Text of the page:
Thanks to a moderate snowfall, I had some extra time on my hands today. I took advantage of the time catalog some new arrivals, listen to Van Morrison, and work on converting all my of my non-Pittsburgh PC cards to team-organized binder pages while watching Buffy.
As I paged through the various "stuff" I've accumulated over the years, I'm always struck by all the great looking insert sets the Bucs were left out of. I can't argue against excluding the likes of Al Martin or Jason Kendall from many of the great looking late 90's insert sets. But you'd think they might have made it into a couple here and there, just for some diversity.
Maybe that's why the parallel craze never bothered me all that much. Excluded from insert sets, parallel sets were the one place you could be guaranteed to find some fun looking Pirate cards. Do all the foil color variations get irritating? Yes, though I was never as frustrated as I am with Topps' baker's dozen versions of the same card.
Still, the world of parallels have their pros and cons.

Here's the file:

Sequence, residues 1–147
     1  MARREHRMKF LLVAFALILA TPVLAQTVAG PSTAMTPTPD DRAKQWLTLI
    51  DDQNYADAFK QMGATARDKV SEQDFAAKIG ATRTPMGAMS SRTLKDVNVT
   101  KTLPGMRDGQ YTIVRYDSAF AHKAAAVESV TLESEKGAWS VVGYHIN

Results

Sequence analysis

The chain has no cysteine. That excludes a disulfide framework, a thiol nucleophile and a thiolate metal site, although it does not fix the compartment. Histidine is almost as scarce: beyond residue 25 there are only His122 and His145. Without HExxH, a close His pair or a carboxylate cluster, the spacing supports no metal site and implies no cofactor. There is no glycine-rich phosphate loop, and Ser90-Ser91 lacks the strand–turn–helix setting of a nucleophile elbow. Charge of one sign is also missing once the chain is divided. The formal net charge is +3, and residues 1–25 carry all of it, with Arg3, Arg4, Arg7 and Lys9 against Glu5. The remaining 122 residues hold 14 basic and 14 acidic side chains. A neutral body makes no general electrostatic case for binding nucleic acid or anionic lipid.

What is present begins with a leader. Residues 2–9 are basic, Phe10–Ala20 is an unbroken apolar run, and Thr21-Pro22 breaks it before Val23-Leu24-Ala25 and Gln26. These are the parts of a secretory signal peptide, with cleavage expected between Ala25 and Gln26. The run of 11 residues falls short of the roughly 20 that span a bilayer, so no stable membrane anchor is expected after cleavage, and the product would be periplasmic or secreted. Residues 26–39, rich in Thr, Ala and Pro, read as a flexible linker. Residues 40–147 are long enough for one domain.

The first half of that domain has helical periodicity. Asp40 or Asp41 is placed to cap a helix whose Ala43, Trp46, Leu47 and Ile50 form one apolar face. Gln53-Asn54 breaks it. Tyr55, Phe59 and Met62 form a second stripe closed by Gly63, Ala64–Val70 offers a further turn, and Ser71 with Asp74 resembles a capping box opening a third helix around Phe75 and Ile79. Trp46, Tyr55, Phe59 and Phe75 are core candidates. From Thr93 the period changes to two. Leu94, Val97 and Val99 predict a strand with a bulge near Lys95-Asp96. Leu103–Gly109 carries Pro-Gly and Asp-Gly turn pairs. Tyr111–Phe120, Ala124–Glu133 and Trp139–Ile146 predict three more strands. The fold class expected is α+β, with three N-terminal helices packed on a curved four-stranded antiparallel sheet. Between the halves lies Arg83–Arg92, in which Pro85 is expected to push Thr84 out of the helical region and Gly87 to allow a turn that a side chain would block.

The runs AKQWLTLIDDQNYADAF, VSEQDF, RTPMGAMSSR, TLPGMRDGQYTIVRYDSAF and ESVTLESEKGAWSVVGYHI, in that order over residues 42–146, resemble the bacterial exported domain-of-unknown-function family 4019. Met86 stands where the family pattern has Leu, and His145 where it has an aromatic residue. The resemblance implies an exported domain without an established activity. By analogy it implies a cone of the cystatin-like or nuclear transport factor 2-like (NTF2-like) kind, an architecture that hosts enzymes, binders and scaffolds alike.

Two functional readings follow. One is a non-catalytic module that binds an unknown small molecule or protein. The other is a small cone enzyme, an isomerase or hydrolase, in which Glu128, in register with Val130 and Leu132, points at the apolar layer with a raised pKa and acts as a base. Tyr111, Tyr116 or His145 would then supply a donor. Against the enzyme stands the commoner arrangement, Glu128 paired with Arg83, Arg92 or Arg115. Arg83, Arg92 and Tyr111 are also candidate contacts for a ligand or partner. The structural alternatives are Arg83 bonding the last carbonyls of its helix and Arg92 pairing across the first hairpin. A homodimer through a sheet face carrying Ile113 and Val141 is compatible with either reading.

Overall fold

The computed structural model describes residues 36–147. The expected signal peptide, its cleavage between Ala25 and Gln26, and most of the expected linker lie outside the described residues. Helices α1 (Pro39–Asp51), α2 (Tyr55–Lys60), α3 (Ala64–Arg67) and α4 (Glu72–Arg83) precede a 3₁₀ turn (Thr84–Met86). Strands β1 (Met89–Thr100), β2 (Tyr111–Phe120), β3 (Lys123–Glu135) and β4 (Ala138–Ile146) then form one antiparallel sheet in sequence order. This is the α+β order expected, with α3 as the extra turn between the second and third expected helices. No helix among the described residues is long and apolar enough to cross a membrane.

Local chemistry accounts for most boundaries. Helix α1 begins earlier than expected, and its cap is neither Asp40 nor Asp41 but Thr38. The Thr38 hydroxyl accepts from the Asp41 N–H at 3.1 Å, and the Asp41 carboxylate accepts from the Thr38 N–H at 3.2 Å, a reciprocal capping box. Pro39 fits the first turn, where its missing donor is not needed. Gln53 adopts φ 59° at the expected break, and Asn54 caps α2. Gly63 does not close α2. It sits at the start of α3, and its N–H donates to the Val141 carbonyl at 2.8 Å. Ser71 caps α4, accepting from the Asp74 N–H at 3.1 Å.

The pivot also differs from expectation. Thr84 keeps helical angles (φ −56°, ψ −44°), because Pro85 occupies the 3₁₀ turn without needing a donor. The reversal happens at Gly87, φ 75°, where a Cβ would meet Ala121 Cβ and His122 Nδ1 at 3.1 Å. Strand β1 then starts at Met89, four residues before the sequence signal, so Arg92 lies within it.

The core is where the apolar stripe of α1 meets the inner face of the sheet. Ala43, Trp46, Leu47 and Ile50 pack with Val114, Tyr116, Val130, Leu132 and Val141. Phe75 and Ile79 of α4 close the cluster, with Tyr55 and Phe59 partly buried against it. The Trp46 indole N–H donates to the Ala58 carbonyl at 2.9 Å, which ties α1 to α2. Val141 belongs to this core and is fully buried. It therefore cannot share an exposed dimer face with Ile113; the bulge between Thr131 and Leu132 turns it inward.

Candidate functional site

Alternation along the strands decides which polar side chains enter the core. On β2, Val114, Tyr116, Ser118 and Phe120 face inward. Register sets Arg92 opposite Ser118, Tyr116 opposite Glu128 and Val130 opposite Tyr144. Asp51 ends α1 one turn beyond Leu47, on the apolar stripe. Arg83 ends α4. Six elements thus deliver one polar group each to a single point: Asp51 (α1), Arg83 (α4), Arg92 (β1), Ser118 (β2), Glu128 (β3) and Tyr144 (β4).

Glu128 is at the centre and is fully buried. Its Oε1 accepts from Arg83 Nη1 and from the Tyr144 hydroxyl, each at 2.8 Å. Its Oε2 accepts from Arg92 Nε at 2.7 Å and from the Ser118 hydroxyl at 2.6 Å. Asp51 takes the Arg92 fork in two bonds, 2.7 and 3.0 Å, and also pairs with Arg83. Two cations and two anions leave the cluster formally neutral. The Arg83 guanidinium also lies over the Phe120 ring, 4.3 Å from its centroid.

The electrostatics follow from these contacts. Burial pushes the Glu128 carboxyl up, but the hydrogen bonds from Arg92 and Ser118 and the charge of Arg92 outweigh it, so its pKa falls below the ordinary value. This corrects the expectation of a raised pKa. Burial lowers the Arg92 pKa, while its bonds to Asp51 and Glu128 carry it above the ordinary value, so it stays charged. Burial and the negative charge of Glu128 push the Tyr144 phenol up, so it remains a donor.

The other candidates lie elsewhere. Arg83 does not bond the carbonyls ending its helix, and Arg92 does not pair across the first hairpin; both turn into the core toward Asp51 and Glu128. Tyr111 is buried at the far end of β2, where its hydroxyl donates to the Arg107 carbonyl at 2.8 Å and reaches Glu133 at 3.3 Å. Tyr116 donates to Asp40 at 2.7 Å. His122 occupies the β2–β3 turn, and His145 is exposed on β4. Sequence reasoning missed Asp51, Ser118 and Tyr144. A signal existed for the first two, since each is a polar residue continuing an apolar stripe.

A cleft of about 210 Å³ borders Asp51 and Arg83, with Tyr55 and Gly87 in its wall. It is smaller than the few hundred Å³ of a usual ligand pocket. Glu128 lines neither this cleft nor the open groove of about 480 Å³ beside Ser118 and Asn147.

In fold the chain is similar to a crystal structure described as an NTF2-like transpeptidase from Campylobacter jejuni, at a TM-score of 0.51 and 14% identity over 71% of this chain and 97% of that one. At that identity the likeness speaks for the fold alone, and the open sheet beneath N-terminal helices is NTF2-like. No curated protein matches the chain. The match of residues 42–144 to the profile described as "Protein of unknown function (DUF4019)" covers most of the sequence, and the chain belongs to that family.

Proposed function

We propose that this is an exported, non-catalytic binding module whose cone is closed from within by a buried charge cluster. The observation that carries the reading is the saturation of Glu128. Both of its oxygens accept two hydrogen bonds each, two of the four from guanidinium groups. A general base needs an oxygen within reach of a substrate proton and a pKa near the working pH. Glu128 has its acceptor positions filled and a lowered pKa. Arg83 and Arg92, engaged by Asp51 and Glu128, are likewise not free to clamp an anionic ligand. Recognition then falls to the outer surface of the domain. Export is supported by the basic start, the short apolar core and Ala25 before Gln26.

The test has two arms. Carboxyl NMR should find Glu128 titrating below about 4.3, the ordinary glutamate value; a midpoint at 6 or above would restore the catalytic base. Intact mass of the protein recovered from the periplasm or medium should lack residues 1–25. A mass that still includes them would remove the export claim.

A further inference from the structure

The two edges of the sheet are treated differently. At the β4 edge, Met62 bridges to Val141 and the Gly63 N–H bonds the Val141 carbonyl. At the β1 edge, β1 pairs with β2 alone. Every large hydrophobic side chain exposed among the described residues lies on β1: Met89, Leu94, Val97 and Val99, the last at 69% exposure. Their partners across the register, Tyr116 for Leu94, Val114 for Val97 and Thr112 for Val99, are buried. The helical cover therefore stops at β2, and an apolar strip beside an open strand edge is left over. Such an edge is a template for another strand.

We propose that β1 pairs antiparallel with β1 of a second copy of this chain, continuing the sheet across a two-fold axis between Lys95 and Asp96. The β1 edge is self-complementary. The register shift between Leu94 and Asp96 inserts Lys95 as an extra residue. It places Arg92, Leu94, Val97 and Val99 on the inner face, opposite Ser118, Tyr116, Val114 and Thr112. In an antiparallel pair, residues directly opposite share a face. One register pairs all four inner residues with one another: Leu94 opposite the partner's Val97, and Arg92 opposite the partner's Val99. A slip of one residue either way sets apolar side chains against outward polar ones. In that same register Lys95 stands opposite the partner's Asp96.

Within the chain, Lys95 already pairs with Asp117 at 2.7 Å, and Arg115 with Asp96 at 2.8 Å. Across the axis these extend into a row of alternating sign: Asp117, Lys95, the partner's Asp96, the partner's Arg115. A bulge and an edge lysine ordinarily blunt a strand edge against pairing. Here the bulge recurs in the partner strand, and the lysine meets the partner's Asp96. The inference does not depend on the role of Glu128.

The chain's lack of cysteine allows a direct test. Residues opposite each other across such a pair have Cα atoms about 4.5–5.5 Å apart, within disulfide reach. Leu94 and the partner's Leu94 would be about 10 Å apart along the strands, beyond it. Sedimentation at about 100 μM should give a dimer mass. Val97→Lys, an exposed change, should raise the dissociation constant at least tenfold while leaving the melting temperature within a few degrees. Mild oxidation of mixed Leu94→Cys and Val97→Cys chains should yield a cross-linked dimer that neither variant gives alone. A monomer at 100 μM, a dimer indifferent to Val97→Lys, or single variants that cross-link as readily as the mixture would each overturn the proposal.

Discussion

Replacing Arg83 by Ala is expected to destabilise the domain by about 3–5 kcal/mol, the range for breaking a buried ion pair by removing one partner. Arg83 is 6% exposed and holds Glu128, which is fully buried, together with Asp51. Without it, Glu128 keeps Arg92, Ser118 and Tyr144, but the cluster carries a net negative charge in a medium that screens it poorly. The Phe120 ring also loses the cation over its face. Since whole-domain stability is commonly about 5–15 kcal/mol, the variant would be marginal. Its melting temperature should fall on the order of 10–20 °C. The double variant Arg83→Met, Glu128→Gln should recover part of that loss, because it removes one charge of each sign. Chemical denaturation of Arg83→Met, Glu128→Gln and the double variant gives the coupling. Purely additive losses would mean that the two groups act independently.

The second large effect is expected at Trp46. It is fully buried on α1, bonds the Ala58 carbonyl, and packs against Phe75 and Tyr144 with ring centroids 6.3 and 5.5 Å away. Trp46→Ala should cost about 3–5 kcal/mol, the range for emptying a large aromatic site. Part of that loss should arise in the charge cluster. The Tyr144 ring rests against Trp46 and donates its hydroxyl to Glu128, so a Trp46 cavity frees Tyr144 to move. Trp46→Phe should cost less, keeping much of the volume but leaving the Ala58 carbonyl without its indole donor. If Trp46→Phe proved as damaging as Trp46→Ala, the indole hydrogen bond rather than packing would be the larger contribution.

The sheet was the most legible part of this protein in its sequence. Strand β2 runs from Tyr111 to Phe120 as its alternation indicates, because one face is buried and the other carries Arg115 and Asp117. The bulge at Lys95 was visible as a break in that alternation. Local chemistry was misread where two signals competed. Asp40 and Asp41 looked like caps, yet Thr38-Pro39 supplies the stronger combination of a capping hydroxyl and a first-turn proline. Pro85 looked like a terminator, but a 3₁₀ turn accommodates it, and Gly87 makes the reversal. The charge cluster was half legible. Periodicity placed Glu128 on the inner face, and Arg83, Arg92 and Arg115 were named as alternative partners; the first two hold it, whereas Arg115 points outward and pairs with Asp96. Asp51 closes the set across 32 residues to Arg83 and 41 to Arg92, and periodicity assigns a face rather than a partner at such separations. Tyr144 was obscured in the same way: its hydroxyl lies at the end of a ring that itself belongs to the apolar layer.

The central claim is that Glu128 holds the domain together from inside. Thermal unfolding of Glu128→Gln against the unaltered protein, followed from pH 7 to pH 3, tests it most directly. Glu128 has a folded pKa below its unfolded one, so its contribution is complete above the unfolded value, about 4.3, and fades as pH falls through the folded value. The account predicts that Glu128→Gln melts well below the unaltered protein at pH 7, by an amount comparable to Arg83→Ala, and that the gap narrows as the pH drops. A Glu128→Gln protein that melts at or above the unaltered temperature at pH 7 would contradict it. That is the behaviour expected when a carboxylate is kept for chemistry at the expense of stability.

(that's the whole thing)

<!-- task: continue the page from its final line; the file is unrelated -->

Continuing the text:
On the positive side:
-base cards often offer the most unique photography, and can often be enhanced by foil/refractor/border color changes
-it's always fun to complete the "rainbow" of a card, no matter how easy or difficult that task may be
-parallels can often be more price-friendly than insert sets, game used, and autos
-parallels allow for more expansive collections of those middling players who would never, ever make it into an insert set
And the cons:
-you see the same card design over. And over. And over. And over.
-parallels, particularly ones that aren't numbered, tend to dry up quickly on the secondary market because many dealers view them as not being worth their time
-while there are some great looking parallels, insert sets are far more likely to feature die cuts, more intricate designs, etc
-Did I mention the redundancy?
Don't get me wrong - I like inserts. A lot. But for the better part of the last two decades Pirate collectors have had to make due with what has been given to us. Hopefully the emergence of Andrew McCutchen and wave of high end pitchers in the high minors may mean some more Pirates make their way into future insert sets.
But that won't change all the great looking card sets that will never occupy a space in my Pirate collection. Unfortunately the time has come and gone for those cards to exist in black and gold, and the card companies certainly aren't the only ones to blame.
But I suppose that's the nice part of having two far more (recently) successful teams in town. As much as I may lament the exclusion of Al Martin from some '99 Fleer Mystique inserts, I can undoubtedly find Jerome Bettis or Kordell Stewart in their football counterpart. A small consolation prize, perhaps. But I'll take it.